China willing to talk with U.S. over cyberattacks

BEIJING China says it is willing to cooperate with the United States in cybersecurity after the U.S. called on it to take "serious steps" to stop cyberattacks.

Foreign Ministry spokeswoman Hua Chunying repeated China's assertion that it is firmly opposed to cyberattacks and one of the countries that has suffered most from them. She says the country cracks down on such hackers according to the law.

Hua said Tuesday: "Cyberspace needs rules and cooperation, not wars. China is willing to have constructive dialogue and cooperation with the global community, including the United States."

U.S. National Security adviser Tom Donilon's comments Monday reflect American concern over cyber intrusions and their economic costs.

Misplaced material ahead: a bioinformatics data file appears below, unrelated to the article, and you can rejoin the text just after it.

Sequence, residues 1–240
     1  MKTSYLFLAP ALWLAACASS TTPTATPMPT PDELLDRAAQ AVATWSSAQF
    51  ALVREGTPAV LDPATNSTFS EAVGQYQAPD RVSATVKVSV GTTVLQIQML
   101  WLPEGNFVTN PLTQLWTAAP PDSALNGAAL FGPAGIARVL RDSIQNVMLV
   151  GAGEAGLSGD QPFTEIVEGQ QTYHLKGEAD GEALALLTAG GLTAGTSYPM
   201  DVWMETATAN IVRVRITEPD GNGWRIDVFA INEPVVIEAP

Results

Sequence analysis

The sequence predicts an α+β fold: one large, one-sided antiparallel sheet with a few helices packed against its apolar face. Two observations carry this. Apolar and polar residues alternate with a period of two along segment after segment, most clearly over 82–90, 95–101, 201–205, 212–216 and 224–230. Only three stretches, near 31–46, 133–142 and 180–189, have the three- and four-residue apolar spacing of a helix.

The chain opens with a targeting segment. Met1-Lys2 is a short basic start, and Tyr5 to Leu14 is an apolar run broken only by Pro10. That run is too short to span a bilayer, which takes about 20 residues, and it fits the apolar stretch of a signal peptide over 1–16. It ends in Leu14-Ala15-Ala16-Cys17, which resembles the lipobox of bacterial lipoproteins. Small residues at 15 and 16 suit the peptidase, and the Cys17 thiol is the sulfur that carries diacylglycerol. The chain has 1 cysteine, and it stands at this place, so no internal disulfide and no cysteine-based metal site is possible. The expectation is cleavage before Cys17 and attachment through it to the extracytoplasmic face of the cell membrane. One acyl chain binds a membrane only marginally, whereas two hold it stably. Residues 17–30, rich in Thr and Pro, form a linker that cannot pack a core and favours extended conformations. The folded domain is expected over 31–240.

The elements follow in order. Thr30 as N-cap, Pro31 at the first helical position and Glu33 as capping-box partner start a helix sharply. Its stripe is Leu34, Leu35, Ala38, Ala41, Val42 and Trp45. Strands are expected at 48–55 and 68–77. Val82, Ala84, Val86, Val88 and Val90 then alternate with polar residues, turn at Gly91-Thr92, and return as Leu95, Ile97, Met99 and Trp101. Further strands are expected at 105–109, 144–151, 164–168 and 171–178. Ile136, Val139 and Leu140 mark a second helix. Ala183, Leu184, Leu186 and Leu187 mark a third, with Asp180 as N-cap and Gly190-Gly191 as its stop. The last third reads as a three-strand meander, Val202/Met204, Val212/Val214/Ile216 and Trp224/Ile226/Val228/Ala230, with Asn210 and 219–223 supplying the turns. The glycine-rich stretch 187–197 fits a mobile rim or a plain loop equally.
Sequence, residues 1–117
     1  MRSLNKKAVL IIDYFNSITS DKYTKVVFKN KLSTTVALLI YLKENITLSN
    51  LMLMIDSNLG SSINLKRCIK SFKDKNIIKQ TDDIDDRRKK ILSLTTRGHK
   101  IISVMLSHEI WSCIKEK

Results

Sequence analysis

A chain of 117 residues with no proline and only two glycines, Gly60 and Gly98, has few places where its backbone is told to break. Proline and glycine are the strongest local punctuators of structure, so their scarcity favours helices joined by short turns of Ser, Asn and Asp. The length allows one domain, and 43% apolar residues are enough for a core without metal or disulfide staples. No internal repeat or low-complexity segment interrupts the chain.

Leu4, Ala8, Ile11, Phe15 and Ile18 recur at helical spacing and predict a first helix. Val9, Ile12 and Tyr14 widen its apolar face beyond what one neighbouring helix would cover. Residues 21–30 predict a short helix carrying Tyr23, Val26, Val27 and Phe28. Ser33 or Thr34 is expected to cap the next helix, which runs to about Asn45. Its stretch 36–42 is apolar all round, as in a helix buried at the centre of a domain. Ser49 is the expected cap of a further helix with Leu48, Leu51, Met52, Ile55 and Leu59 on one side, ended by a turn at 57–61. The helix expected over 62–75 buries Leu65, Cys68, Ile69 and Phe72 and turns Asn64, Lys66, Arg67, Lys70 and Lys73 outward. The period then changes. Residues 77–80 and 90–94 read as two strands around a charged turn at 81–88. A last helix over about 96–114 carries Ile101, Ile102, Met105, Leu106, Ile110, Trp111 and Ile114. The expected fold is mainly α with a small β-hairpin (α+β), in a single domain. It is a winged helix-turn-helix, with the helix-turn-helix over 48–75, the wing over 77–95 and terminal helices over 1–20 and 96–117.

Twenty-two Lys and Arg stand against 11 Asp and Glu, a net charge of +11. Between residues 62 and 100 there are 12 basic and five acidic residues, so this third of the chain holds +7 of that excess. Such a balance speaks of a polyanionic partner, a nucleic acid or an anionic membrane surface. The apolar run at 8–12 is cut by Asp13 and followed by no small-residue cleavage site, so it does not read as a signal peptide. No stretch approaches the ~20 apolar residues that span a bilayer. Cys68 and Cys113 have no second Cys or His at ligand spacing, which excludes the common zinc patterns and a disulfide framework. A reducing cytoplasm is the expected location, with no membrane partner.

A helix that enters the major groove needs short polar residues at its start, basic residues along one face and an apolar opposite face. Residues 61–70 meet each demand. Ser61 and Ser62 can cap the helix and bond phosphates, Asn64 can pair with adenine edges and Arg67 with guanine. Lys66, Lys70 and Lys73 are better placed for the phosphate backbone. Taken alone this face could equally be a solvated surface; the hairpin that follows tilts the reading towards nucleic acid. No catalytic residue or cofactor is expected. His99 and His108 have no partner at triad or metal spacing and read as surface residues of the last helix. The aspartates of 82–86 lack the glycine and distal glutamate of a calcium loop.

Donilon said U.S. businesses are increasingly speaking out about cyber theft of confidential business information and proprietary technologies emanating from China "on a very large scale." He said Beijing "should take serious steps to investigate and put a stop to these activities" and recognize the risk it poses to international trade and to U.S.-China relations.

Last month, U.S.-based cybersecurity firm, Mandiant, issued a report accusing a secret Chinese military unit in Shanghai of years of cyberattacks against more than 140 companies, a majority of them American. Days later, the Obama administration announced new efforts to fight the growing theft of American trade secrets.

The Chinese government denied being involved in cybertheft, and contended that its country has also been a victim of hacking, much of it traced to the United States.

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